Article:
This Nicaraguan experience was also valid for the Salvadoran digital newspaper El Faro, which moved to San José at the beginning of 2023. Its legal address and accounts are no longer in San Salvador, where the newspaper has been the target of abusive accounting audits. In 2020, President Nayib Bukele said on a television network that he would investigate El Faro for money laundering and, in April of 2021, the first accusation came. No explanation has been enough, and the managers soon understood that they had to look for another home.

It was quite clear that we were going to Costa Rica because we already had the experience of the Nicaraguans and because of the degree of stability and the democratic culture of the country,” explains Carlos Salamanca, general manager of El Faro.

Guatemala was already showing an advanced dismantling of the institutionality, in Nicaragua, it wasn’t even possible to enter, and Honduras is recognized as one of the most dangerous countries for journalists, but the idea was to stay in Central America, and only Costa Rica was viable. El Faro’s journalists are where they always were, the majority in El Salvador, despite threats from the Bukele government. Twenty-two members of the media outlet have at some point had their phones tapped by Pegasus spyware, as verified by the expertise of two specialized organizations that analyzed the Israeli manufacturing system that is only sold to governments and state institutions.

Added to this are smear campaigns, digital harassment and the threat posed by measures adopted by the government within the framework of the emergency regime decreed to reduce murders linked to gangs. Now, a journalist can be sentenced to up to 15 years in prison for publishing information that “creates anxiety and panic in the population” by reproducing or disseminating messages from gang groups.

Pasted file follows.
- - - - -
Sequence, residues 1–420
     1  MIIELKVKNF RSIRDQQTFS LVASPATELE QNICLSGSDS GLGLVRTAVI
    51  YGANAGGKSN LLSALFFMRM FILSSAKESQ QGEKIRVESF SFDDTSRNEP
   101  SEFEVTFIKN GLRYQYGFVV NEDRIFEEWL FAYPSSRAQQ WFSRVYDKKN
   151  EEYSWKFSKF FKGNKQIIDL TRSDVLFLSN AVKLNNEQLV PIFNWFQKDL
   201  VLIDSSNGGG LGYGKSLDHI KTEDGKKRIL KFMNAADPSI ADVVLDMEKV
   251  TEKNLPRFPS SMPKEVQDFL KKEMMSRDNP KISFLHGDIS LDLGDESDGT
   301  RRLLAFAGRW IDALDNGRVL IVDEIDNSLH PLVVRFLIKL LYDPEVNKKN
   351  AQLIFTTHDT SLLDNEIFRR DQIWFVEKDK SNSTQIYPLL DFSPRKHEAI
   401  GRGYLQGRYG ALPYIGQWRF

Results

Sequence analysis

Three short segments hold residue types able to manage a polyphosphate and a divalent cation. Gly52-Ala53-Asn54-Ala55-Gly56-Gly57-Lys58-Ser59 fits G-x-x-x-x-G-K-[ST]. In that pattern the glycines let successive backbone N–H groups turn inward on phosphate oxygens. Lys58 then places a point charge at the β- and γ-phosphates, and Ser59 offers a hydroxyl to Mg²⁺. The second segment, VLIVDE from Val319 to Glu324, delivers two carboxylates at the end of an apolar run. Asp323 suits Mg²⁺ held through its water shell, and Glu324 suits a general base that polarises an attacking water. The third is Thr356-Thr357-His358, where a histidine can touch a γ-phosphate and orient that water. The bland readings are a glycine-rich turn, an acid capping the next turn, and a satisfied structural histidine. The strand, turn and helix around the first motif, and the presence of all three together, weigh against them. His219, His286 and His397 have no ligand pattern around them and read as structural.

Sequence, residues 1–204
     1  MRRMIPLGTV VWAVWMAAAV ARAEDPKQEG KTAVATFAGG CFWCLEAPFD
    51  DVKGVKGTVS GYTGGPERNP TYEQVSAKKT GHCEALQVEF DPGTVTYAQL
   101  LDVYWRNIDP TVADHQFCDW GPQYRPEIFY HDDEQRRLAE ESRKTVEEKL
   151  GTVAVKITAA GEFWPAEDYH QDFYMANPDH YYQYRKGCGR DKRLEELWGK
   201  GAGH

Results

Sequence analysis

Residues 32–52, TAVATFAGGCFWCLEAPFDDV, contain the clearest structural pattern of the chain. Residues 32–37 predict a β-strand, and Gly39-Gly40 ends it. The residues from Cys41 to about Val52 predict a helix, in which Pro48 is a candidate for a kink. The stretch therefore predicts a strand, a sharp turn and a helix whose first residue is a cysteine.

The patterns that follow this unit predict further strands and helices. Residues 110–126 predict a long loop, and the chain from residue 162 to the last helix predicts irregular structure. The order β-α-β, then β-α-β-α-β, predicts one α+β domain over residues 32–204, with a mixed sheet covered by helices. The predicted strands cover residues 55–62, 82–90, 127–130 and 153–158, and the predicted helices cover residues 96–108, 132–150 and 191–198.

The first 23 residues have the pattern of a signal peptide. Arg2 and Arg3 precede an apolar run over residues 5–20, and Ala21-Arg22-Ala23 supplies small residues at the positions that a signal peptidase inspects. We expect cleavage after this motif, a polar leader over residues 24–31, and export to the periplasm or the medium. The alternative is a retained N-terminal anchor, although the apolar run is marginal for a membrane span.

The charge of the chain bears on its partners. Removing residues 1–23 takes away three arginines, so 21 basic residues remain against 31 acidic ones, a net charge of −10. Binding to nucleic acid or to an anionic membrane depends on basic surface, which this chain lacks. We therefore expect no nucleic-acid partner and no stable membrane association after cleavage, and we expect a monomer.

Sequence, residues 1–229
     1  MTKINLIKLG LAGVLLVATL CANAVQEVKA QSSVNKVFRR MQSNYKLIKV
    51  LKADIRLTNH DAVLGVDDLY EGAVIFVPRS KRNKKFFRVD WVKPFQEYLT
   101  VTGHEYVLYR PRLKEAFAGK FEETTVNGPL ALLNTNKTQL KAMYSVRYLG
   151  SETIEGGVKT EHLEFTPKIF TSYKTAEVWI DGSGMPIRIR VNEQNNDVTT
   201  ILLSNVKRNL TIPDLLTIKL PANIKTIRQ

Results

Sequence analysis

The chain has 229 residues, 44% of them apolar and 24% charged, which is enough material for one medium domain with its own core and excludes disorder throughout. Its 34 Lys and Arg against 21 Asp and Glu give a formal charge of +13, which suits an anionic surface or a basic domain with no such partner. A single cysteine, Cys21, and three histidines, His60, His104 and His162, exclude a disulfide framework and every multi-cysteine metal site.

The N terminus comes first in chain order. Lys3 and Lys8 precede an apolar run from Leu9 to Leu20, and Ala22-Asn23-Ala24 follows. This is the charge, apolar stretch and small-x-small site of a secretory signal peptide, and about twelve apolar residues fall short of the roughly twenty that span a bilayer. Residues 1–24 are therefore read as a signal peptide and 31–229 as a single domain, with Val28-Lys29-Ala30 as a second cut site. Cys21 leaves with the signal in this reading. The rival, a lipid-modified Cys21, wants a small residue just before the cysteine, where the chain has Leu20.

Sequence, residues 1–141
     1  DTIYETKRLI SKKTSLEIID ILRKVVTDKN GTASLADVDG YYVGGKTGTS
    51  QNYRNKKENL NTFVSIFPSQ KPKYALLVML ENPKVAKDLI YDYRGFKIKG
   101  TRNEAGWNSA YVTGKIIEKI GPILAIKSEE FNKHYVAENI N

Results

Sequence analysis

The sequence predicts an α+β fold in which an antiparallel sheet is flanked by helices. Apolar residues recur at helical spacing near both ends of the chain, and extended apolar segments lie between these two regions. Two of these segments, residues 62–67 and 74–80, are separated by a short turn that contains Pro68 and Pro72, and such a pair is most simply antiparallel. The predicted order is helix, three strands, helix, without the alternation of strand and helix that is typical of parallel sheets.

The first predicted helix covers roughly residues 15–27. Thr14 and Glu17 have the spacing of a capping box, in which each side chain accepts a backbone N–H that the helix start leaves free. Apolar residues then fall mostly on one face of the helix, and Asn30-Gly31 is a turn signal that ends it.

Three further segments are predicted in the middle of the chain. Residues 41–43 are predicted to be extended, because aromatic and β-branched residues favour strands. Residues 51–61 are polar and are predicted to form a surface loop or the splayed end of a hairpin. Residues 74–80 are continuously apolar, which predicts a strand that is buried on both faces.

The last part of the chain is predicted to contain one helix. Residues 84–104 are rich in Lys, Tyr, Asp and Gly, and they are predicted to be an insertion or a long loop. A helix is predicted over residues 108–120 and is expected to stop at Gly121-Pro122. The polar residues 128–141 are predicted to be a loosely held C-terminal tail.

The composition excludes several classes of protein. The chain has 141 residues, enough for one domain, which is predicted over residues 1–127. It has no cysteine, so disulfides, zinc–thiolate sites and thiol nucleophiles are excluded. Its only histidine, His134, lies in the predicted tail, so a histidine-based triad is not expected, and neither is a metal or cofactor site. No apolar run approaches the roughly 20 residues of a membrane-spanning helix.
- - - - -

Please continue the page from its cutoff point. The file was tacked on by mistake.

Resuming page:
“The dismantling of our democracy, the lack of controls on how power is exercised by a small group, the attacks on freedom of press and the closure of all transparency and accountability mechanisms in El Salvador seriously threaten the citizen’s right to be informed, beyond the numerous public resources intended today to disseminate propaganda and false news,” said El Faro’s editorial on April 13.

“The criminalization of journalism is, unfortunately, increasingly used by governments in the region, parallel to the accumulation of power and the weakening of democratic institutions and civil movements. The autocrats don’t tolerate other narratives,” it added before warning that in Costa Rica, “there is still a division of powers, the right to legitimate defense and respect for the rule of law.”

Leaks in the Refuge

El Faro confirmed what many organizations have said before when referring to Costa Rican  territory as a safe zone for freedom of the press. It offers constitutional guarantees and a legal system that makes the division of powers possible, with a political culture that led governments to restrain themselves in their actions and in the usual conflicts that democracies host between authorities and the media. Organizations such as Reporters Without Borders and the Office of the Special Rapporteur for Freedom of Expression of the Inter-American Commission on Human Rights (IACHR) also say this, but to immediately warn of negative signs that have arisen under the current government administration of Rodrigo Chaves, due to acts such as insults against journalists or media, stigmatization and lack of transparency.

In addition to verbal attacks against critical media from Chaves — who has a popular approval of around 70% —  administrative actions have affected the traditional newspaper La Nación and the digital media outlet CRHoy, as well as the disclosure of alleged irregularities in a state contract — during the previous administration — for hiring the services of journalist Vilma Ibarra, whose radio program Hablando Claro is another of the dissident forums. Although the president didn’t dare to identify the communicator or reveal the auditing firm in the case, on social networks, accounts related to the government have already issued their own judgment with the name and surnames.